Volkswagen to invest €2 bn in two new plants in China

German carmaker Volkswagen AG, will invest €2 billion ($2.7 billion) to construct two new vehicle plants in China, the world's biggest auto market, as the two countries increase their bilateral trade and economic relations.

The announcement coincides German chancellor Angela Merkel's visit to China  - her seventh since taking office in 2005.

Wolfsburg, Germany-based Volkswagen, which outsold GM cars in China last year, plans to build the plants in the coastal cities of Qingdao and Tianjin.

Volkswagen, which owns a dozen automotive brands, counts China as its largest market. ''China has become our largest and most important market,'' chief executive Martin Winterkorn said in a statement.

''To satisfy the demands of our customers in the country, we are engaging in a further substantial expansion of our capacities in China together with our Chinese partner FAW Volkswagen.''

The China expansion will enable Volkswagen to overtake Toyota Motor Corp as the world's largest automaker by 2018.

Volkswagen sold about 1.51 million vehicles in China in the first five months of this year, an 18 per cent increase over the corresponding period of the previous year, and this could rise by a further 10 per cent, taking annual sales to more than 3.5 million vehicles, Winterkorn had said earlier.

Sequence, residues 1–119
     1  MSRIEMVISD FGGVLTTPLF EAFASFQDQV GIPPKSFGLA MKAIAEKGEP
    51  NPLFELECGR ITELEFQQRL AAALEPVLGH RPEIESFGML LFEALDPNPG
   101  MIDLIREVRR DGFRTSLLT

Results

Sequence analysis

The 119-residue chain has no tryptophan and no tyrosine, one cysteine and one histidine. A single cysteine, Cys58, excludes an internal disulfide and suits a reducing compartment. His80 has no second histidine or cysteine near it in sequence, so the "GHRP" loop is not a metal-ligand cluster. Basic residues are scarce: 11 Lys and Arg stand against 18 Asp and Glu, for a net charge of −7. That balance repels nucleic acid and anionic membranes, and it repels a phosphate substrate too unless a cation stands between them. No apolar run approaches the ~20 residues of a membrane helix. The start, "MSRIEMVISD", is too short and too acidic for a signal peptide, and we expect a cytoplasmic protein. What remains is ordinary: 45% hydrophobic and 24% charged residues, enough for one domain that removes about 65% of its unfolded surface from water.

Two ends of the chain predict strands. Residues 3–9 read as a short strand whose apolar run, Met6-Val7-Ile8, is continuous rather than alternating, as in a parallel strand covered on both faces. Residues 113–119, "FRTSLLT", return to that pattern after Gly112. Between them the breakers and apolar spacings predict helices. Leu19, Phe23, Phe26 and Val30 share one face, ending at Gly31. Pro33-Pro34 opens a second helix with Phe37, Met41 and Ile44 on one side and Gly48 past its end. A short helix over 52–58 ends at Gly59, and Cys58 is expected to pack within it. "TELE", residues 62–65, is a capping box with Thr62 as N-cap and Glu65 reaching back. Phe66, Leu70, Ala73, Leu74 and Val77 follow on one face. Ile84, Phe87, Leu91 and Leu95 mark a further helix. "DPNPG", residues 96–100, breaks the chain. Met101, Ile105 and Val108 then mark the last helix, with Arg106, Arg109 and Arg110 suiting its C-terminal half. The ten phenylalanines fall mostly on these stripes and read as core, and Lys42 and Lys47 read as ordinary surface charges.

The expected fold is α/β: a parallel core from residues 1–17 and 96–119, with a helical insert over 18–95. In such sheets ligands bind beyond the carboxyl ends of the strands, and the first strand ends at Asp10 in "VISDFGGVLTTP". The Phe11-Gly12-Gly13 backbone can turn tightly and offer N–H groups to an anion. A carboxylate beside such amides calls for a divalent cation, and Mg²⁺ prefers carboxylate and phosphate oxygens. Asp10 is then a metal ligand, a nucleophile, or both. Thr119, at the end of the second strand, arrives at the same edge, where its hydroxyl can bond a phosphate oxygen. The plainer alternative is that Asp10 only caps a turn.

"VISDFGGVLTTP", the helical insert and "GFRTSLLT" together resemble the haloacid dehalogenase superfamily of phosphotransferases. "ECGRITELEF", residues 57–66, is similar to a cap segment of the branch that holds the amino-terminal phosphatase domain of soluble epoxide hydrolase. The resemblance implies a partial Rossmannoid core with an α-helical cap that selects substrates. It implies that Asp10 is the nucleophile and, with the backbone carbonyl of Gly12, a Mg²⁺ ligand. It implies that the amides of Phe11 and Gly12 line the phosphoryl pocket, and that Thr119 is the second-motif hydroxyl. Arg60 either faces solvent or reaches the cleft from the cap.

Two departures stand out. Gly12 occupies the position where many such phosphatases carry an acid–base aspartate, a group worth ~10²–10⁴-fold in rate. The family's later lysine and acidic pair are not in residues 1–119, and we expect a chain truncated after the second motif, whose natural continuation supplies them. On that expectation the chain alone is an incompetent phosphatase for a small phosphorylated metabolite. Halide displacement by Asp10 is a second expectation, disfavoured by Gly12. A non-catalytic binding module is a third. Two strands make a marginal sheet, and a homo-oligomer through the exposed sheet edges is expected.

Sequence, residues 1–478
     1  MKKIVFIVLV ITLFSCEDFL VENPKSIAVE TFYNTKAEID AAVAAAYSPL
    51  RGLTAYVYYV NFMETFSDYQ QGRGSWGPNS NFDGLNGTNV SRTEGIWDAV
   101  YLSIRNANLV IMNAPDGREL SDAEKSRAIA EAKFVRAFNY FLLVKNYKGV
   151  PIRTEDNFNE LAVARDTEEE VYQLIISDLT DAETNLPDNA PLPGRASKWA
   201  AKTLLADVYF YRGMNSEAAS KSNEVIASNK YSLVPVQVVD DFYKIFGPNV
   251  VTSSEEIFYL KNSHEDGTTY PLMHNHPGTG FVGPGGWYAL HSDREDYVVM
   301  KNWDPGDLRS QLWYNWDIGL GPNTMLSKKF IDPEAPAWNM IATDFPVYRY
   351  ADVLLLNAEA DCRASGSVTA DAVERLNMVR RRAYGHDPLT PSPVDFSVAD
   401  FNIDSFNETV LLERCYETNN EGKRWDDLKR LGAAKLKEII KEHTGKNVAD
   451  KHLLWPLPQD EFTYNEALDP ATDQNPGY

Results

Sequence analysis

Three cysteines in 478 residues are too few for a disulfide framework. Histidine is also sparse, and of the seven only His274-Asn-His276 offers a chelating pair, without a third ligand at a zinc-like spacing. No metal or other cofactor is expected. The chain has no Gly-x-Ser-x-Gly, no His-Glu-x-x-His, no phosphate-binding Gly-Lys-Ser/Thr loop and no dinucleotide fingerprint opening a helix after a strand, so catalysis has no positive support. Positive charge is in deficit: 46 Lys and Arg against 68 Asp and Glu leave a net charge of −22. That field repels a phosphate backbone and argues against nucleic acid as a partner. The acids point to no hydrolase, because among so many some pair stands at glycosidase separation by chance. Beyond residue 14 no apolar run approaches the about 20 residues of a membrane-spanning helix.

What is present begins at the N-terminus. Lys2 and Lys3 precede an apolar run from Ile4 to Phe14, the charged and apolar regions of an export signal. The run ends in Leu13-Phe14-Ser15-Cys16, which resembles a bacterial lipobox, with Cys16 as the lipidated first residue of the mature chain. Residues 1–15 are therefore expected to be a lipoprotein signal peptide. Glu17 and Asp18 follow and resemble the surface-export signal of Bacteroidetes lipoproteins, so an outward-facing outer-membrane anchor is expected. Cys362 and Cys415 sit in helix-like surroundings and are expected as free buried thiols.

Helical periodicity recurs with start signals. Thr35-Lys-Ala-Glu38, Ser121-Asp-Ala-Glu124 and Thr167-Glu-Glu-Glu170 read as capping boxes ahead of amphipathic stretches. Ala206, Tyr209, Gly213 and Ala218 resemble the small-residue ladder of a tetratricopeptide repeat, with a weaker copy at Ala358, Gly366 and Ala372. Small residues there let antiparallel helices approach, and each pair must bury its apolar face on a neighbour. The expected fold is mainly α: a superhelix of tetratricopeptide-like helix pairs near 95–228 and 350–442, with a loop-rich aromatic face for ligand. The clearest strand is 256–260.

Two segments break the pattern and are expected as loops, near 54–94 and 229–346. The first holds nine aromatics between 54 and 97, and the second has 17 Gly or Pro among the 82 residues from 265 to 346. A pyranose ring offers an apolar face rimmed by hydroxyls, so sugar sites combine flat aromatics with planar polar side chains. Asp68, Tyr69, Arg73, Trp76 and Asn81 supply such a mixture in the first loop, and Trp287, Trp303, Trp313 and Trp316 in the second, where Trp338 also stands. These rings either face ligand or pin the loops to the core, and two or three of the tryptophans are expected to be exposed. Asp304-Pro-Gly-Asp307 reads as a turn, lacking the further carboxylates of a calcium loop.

Foreign automakers in China are adding capacity to meet the growing demand in the world's second-largest economy, where the number of licensed drivers is estimated to swell to 1 billion in the next 10 to 15 years.

Volkswagen had proposed to invest a total of  €18.2 billion in China by 2018 on capacity expansion and new models.

Meanwhile,on Sunday Chancellor Merkel visited Chengdu, the capital of China's south-western Sichuan province where more than 150 German companies operate.

China is Germany's second-largest export market outside Europe after the US.

It sold goods worth €67 billion to China last year, while imports from China topped €73 billion.

While Merkel's visit to China as chancellor may signal the growing importance of Chinese-German relations, German companies are reported to have complained of Chinese businesses stealing their technology and failing to pay on time.

During a brief meeting with Merkel on Sunday, before their official talks scheduled on Monday morning, Chinese premier Li Keqiang said the talks with Merkel will promote the two countries' mutual trust, deepen their cooperation in such areas as trade, finance, sustained development and culture, and strengthen their communication and coordination on major international and regional affairs.

She will then meet Chinese President Xi Jinping later on Monday evening.